With the MB9D560, Spansion offers a single-chip solution that used to be implemented by four separate chips -- two MCUs and two resolver digital converters (RDCs), according to Tehrani. He claimed that this is the first time RDCs have been integrated into a twin-motor controller.
Tom Hackenberg, principal analyst responsible for MCUs and DSPs at IHS, described the MB9D560 as “an elegant solution for EV motor control.”
Asked about what makes it competitive compared to competitors’ solutions, Hackenberg noted, “the high level of performance and integration.”
More specifically, he said:
The dual cores operate at 200 MHz and the chip has integrated the features specifically adapted to motor control including angle processing, 3 phase current normalization, 2>3 & 3>2 phase conversion, current/voltage conversion, 12-bit A/D conversion, wave generators, integrated proportional-integral-derivative control, embedded diagnostics and error correction specifically designed for motor controls.
Above all, one of the unique features of the Spansion’s new twin-motor control is “the integrated resolver to digital converter that eliminates the need for sine/cosine lookups enhancing motor control performance and reducing system cost in EV/HEV motor/generator control designs,” the analyst added.
Spansion’s Tehrani acknowledged that his company, until now, hasn’t participated in the HEV/EV automotive MCU segment “in a meaningful way.” IHS’ Hackenberg estimated Renesas to be the top player. The other usual suspects in the automotive include Freescale, Infineon, Spansion, STMicroelectronics, and Texas Instruments, the analyst added.
Integrated in the MB9D560 MCU are 2Megabytes of NOR flash memory -- 1 MB for each core, according to the Spansion CTO.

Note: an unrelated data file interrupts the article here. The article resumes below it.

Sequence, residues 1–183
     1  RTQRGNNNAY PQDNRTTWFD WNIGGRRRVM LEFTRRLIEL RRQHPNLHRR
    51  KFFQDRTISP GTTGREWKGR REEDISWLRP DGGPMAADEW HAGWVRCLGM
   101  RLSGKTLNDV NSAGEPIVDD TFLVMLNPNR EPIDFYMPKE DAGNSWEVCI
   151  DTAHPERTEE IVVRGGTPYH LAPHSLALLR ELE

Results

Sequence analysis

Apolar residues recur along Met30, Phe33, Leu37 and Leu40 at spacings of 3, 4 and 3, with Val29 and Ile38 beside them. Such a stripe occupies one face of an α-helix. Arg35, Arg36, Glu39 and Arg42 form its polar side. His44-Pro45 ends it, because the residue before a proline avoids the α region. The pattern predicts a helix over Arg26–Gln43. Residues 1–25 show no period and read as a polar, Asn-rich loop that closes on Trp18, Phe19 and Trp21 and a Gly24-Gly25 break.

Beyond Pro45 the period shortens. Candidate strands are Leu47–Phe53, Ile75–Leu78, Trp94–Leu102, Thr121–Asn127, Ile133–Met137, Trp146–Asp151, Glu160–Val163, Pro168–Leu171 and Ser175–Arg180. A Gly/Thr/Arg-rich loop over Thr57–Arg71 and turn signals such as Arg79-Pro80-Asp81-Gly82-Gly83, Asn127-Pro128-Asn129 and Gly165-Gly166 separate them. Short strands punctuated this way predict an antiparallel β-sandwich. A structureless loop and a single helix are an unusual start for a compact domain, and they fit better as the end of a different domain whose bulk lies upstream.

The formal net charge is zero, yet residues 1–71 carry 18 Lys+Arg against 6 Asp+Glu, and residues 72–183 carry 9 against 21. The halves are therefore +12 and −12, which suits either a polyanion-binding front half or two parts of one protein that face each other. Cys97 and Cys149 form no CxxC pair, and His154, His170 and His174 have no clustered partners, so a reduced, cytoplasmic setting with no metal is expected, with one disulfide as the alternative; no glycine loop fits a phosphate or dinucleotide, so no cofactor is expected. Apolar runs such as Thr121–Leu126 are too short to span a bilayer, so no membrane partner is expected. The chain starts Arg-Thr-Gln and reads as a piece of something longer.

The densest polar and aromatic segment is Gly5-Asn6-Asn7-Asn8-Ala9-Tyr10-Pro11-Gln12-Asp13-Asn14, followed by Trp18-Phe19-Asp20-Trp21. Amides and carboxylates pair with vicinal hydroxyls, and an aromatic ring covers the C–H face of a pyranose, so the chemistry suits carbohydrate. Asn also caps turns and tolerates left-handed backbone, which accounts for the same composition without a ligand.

The new MB9D560 MCUs, which have been in development for several years, are fabricated by using a 90nm process at Fujitsu’s 300mm wafer foundry. Spansion continues to stick to its proprietary embedded flash technology for automotive MCUs, according to Tehrani.
Spansion’s memory play will start making a difference in automotive MCUs when it rolls out “the projected charge-trap solutions at 40nm in 2015,” according to Hackenberg. “This will place [Spansion] on memory performance par with Renesas, the #1 MCU supplier, and I predict Spansion will be in a better position to offer price advantage.”
Last year, Spansion announced the joint development of a 40nm process that integrates United Microelectronics Corp. (UMC)’s 40nm LP logic process with Spansion’s proprietary embedded Charge Trap (eCT) Flash memory technology. Under the agreement, UMC is licensed to manufacture products based on this technology for Spansion, on a non-exclusive basis.
Down the pike, when automotive MCUs start going down to 40nm and 28nm process technologies, Tehrani acknowledged that Spansion “might find an opportunity to make its eCT Flash available” for others to license. “We may be doing that as our overall strategy.”
ARM Cortex R5
The IHS analyst views that Cortex R5 -- which isn’t a common offering on the automotive MCU market today -- as “a prominent feature” for Spansion’s Traveo family of MCUs.
Other than the twin-motor controller, Spansion, however, hasn’t released any details of other Traveo family members. Hackenberg said, “I am expecting a pretty good balance of new application specific features such as a Cortex R5 with integrated 2D/3D graphics, CAN, FlexRay, SHE/security acceleration -- all part of a single chip solutions specifically targeting Instrument clusters. I expect to similar application specific solutions for body electronics.”
— Junko Yoshida, Chief International Correspondent, EE Times